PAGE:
The Help

Last night I went to the movies with Missy.  We saw “The Help,” a movie from a book that Missy had read several years ago.  We have been to three movies in the last two years, “It’s Complicated,” “Mama Mia,” and now “The Help”  so I was unsure about yet another chick flick.  But it was really good.  The costuming and sets were just astounding, Jackson, Mississippi in the 1960’s.  The wardrobes and hairstyles were spot on. 

The content of the movie was equally spot on, essentially that black maids raised white children, and in this movie, girls in particular.  The generational facet of a maid raising the girl and then the girl’s children was duly noted, and as a child of the South, I remember this culture.  Missy was raised by Helen.  Her mother was at Junior League meetings and her dad was at work so Helen prepared, served and cleaned up after dinner.  On the weekends Audi spelled Helen and did the cooking, cleaning and laundry.  When Missy and I married, her mother gave us Helen, who was on her twilight cruise at that point, and Bessie.  My oldest child was the last of Missy’s clan to be raised that way.  Macon’s only spanking was when she colored on the wall at the head of her crib and said that Bessie did it.  I know that Oliver was also tended to by Helen and Bessie but Macon has a more vivid memory of them, and the movie was about the baby girls so that is what made me think of her.   And the movie was really about the sisterhood shared by the maids and their employers of being a wife, a mother, and working out your place in the society.   My mother-in-law would often observe that the help was the last of the true snobs, and the movie showed that in several spots.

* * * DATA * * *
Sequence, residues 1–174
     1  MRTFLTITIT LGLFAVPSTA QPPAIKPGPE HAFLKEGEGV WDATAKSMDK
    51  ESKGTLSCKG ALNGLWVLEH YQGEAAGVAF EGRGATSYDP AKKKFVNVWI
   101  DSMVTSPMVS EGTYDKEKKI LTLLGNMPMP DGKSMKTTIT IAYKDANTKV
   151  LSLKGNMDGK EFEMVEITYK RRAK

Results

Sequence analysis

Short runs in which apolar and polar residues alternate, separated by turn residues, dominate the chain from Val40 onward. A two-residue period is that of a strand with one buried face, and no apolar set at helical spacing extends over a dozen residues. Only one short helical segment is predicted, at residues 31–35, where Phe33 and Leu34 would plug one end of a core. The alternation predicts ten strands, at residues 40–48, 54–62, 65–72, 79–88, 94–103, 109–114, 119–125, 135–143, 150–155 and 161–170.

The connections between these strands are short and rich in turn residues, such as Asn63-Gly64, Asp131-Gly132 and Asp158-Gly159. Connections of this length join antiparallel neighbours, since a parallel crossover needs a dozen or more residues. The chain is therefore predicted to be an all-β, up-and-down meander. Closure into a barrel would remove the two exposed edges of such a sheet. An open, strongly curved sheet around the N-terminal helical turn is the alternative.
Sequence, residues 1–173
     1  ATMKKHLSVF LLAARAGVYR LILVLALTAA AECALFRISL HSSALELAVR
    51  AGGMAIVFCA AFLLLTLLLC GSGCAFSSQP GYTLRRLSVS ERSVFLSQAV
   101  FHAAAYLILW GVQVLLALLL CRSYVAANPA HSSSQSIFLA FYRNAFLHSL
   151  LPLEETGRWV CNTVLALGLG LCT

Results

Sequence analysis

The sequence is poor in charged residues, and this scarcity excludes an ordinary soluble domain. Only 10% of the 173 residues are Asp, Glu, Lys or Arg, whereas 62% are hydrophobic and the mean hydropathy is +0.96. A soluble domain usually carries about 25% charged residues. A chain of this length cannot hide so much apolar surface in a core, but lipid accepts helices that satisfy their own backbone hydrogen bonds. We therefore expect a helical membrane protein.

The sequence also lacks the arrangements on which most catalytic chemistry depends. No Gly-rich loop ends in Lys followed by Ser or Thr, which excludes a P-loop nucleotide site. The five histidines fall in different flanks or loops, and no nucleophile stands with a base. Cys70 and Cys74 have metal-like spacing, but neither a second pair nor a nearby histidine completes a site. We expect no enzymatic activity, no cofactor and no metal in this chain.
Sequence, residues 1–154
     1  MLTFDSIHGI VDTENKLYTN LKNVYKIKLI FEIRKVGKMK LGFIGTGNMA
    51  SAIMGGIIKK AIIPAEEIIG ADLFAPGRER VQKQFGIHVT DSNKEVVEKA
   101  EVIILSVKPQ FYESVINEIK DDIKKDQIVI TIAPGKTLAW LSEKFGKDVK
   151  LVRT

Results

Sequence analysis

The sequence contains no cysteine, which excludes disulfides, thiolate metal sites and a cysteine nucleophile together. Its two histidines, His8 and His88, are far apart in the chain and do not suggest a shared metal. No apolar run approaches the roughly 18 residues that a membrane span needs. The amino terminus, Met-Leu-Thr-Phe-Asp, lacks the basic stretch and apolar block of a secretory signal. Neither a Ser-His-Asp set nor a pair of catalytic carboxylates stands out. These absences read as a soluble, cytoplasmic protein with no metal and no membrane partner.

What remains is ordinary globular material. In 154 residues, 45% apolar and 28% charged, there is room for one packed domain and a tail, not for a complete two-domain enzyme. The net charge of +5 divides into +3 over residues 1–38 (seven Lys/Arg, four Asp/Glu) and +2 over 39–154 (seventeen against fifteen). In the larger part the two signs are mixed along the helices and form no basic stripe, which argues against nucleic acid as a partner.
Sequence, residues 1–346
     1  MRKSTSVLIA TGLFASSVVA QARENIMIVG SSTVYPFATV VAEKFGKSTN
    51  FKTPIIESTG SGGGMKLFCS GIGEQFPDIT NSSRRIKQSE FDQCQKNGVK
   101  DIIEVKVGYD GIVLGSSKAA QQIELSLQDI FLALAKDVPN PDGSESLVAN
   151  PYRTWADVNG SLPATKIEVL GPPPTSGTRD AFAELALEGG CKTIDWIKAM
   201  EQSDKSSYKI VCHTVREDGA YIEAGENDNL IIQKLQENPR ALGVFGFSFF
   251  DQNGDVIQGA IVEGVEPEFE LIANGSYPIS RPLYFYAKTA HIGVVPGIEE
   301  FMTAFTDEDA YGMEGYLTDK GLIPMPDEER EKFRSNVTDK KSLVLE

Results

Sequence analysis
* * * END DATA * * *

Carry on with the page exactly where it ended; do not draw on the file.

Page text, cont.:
The most telling comment of the night happened as Missy and I were talking about the movie, and she said that her mother gave her Bessie and Helen instead of teaching her how to keep a house.  I suppose those are unnecessary skills in some circumstances but the movie has a wonderful chapter where the maid teaches a girl how to cook and be a wife.  My father-in-law never did his yard.  He said that as long as he made more money than Herbert, Herbert would cut the grass.  I love to be in the yard, and I can tell you Missy is as proud as a peacock when she has cooked a wonderful meal or has her house looking good.  Missy has a sister who has virtually no housekeeping skills and I doubt that beyond calling a caterer she could not throw a dinner party.  So having maids raise your children is a luxury on one hand but on the other it is a profound disservice in that life skills don’t get taught, unless of course the maid teaches them to cook and clean.

I had never thought about it but the fact that Macon is the last of a kind, partially raised by a maid, is a bittersweet thought in that an era has ended, and definitely for the better.

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